Production and Consumption in English Households, 1600-1750
In pre-industrial England most production took place in the home. Some of this involved the production of goods for commercial sale, but items were also produced for use by the household itself. The household was also the focus for the consumption of goods that had been made elsewhere. This book uses evidence form households in the counties of Cornwall and Kent to explore changes in production and consumption and their interrelationships.
Evidence of production and consumption is taken from 8,000 inventories made at the death of the household head. Production activity is inferred from the presence of goods such as ploughs and looms. Consumption is inferred from the material environment of the household, including the number and use of rooms. This evidence significantly revises existing models of economic development in this period. The authors how that while Cornwall became impoverished by the development of the mining industry, Kent households increased the variety of their production activities. This resulted in the material culture of Cornwall becoming poorer, whereas in Kent the material culture was considerably enriched by many new goods and new social practices.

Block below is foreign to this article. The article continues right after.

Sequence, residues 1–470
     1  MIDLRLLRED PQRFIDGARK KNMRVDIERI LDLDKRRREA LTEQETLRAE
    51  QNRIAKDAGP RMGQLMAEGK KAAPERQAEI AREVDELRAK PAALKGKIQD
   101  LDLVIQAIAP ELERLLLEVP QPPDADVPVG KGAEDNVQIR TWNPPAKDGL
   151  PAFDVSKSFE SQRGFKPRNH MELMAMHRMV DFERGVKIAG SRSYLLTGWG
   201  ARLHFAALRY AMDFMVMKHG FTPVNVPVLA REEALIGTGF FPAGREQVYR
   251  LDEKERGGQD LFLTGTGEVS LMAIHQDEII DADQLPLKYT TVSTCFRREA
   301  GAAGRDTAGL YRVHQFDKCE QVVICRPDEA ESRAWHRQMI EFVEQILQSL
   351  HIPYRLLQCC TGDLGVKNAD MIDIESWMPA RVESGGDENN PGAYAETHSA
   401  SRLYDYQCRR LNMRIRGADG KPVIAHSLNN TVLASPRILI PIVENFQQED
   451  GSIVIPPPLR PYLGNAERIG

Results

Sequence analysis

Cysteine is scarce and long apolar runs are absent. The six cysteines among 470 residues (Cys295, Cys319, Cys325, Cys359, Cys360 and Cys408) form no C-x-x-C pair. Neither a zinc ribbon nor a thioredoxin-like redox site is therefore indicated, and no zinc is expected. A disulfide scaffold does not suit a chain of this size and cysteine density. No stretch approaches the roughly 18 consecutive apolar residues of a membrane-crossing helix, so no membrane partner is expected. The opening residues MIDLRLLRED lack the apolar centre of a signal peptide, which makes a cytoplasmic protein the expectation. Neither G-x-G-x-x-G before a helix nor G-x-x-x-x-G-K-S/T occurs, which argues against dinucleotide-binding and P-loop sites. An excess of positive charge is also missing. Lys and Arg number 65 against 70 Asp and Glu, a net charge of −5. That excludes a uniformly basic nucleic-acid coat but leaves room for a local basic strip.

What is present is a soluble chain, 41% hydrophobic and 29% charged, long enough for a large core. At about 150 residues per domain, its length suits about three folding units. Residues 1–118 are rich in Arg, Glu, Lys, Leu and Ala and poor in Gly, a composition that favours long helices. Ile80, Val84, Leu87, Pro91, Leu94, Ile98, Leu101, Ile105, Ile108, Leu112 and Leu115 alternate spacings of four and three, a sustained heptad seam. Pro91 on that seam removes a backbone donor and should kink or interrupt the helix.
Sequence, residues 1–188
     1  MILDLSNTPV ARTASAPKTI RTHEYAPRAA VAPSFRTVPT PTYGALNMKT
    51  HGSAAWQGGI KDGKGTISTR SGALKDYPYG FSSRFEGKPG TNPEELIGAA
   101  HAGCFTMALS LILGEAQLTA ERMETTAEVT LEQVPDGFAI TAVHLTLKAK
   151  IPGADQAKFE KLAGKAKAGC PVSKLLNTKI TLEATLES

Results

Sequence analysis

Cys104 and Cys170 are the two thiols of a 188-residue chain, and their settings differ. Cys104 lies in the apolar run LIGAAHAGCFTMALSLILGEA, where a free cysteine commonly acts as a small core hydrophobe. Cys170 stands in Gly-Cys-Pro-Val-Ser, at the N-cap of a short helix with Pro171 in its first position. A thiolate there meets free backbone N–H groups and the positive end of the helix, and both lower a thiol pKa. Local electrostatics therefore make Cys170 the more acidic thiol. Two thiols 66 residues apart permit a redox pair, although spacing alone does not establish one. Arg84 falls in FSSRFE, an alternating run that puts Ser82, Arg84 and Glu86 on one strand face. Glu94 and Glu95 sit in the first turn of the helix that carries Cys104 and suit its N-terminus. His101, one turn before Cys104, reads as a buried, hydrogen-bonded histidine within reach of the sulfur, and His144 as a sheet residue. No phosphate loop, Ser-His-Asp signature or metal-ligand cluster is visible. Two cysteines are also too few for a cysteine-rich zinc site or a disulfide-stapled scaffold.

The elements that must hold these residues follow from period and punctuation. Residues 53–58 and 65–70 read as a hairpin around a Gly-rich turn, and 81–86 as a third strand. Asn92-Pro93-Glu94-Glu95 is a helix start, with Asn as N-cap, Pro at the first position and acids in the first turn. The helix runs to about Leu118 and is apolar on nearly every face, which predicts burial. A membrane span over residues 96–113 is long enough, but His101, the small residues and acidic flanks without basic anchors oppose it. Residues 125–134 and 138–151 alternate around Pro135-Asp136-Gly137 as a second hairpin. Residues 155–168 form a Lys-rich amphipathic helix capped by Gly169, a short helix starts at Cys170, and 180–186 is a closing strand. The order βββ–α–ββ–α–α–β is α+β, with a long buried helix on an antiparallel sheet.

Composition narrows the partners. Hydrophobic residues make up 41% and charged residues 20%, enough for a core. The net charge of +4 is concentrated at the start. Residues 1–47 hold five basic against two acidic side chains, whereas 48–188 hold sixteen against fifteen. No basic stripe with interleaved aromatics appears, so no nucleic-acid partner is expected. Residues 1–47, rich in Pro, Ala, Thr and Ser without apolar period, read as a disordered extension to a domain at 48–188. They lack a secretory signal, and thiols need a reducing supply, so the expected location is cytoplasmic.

By considering the development of capitalism in early modern England from the perspective of the household, this book also contributes new evidence to the debate about a 'consumer revolution' in early modern England.
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